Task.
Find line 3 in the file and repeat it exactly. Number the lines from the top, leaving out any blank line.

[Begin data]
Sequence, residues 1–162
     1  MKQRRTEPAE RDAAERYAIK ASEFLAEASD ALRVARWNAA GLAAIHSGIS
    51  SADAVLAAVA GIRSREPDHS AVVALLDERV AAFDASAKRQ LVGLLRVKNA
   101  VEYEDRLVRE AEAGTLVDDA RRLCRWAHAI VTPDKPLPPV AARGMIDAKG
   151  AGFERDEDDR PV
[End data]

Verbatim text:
    51  SADAVLAAVA GIRSREPDHS AVVALLDERV AAFDASAKRQ LVGLLRVKNA